The Pros and Cons of Living in an “Urban Suburb”

With all the charm of Main Street and all the benefits of living close to town, it can be difficult to classify the close-in suburbs that often ring a major city. While they may technically be suburbs, they still have an urban feel, with the amenities and walkability of many city neighborhoods. Sometimes referred to as “first-ring suburbs,” planners at the University of Pittsburgh’s Graduate School of Public and International Affairs have coined the term “also-urb” to describe these communities, since they’re also urban areas.

Here’s what to consider when deciding whether or not an urban suburb is right for you:

Proximity to both urban and suburban amenities. Urban suburbs tend to lie between a city and its more traditional suburban communities, which make its residents perfectly placed to take advantage of the amenities of both areas. You’ll likely be just as close to the city’s boutique shops and cultural venues as you are to the big box stores and large parks in the suburbs.

Small, close-knit feel. Urban suburbs have a small town feel, and can give you a real sense of belonging. While this is definitely a positive for more outgoing, extroverted types, it could be a downside for more introverted people, as the level of “everyone knows everyone” can be intimidating.

One person can make a big difference. The smaller community in an urban suburb means that your volunteer work and activism can make a proportionately bigger difference in the lives of your neighbors, whether it is serving in the local government, helping with beautification efforts, or volunteering with local organizations.

Less red tape. Urban suburbs have their own local government that only covers one neighborhood, so there is typically less bureaucracy to deal with. It’s likely you can pay your water bill, voice a concern, and attend the volunteer fire company’s fundraiser in one stop. However, these smaller communities typically do not pay their mayor and local council, so you are potentially getting less of their time and focus.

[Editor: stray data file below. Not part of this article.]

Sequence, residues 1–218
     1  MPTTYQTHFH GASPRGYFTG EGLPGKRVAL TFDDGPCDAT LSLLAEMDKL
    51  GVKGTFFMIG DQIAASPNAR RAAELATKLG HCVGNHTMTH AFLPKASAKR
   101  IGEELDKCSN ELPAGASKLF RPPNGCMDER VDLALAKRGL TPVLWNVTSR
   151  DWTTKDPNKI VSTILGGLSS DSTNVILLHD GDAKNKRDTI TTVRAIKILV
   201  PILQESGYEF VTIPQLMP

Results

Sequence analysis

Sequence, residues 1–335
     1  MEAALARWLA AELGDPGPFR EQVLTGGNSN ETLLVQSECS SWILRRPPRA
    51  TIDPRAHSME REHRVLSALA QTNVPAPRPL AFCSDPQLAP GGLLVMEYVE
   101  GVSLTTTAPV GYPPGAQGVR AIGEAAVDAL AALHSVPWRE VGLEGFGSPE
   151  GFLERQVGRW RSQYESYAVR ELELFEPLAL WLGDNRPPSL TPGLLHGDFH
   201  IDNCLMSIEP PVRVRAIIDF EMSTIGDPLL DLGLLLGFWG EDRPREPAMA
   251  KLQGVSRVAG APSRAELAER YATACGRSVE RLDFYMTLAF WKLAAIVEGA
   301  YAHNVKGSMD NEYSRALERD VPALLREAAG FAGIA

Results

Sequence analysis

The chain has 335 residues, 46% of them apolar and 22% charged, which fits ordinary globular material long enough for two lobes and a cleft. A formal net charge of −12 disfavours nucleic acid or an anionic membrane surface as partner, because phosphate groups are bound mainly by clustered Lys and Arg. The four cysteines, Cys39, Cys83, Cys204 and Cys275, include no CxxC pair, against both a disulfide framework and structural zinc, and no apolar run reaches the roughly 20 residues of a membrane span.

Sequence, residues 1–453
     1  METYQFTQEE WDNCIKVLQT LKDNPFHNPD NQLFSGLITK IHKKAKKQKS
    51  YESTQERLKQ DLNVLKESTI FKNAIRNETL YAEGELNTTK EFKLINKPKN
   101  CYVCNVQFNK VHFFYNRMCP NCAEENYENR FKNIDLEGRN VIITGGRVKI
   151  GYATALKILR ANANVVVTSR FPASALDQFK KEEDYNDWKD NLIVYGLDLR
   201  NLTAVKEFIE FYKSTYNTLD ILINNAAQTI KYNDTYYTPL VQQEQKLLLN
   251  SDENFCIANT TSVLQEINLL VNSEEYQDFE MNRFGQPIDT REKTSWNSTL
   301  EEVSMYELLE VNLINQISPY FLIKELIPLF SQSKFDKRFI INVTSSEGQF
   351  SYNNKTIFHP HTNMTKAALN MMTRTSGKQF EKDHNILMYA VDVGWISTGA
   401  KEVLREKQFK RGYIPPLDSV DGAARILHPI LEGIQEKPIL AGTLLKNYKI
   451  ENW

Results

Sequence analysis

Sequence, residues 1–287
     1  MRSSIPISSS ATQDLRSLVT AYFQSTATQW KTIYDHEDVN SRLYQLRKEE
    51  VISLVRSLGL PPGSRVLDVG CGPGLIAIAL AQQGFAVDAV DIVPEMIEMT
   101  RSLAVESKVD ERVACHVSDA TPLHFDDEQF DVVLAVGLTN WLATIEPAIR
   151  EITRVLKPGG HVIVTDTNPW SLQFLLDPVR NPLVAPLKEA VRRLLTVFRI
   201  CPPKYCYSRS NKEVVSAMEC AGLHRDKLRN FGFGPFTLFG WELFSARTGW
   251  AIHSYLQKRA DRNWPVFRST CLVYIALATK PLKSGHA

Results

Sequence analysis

Fewer public safety taxes. Small urban suburbs do not tend to have standing fire or emergency medical departments and rely on volunteers. While you will not be taxed for these services, you will be asked to donate. Though these communities do employ a full-time police force, it will be considerably smaller than in a city.

Too small to recycle? Some smaller urban suburbs may be unable to get favorable rates on residential recycling collection and so choose not to include it in waste management fees. While of course this doesn’t mean you can’t recycle, you may need to transport your own recyclables to a central drop-off spot.

You won’t need your car as much. Many urban suburbs have walkable access to libraries, parks, schools, and other places that are part of your normal routine. However, living outside of the city can mean a longer commute to your job elsewhere, and especially heavy traffic if you’re heading downtown.

More mom n’ pop shops. Urban suburbs are the epitome of small-town America, and they are magnets for small businesses in part because rent is typically cheaper than in city centers. Small businesses can take advantage of proximity to both city and suburbs by drawing clientele from both areas as well as their own neighborhood. It’s likely you’ll be on a first-name basis with your local bartender, florist or dry cleaner in no time.

Walkable communities with actual sidewalks. Many suburban communities don’t require sidewalks at the edge of the road, despite many of their throughfares seeing heavy traffic. The sidewalks in an urban suburb make it easier to get around, though it also means homeowners are responsible for the upkeep of the sidewalk itself, as well as shoveling snow and similar maintenance.

Human scale. Many urban suburbs have not been subjected to the intense real estate development that happens in many cities. This means more buildings of a human scale, and fewer high-rises. Expect low-density housing, with more single family homes than multi-family rentals. However, the age of some of these communities means construction may have pre-dated planning ordinances, so you may wind up with business or light industry in some unexpected places.

Pro Con
Pro Small town feel
Con “Everyone knows everyone” can be intimidating
Pro Less bureaucracy to deal with
Con Sometimes no pay for local officials, so you get less of their focus
Pro Walkable access to libraries, parks, schools, and more
Con Potentially longer commute to work
Pro Less intense real estate development
Con Business or light industry in some unexpected places
Pro Sidewalks!
Con A responsibility for their upkeep
Check out the top urban suburbs in the U.S.

Author: Melanie Linn Gutowski

Melanie Linn Gutowski is a writer and public historian from Pittsburgh, PA.

The Pros and Cons of Living in an “Urban Suburb”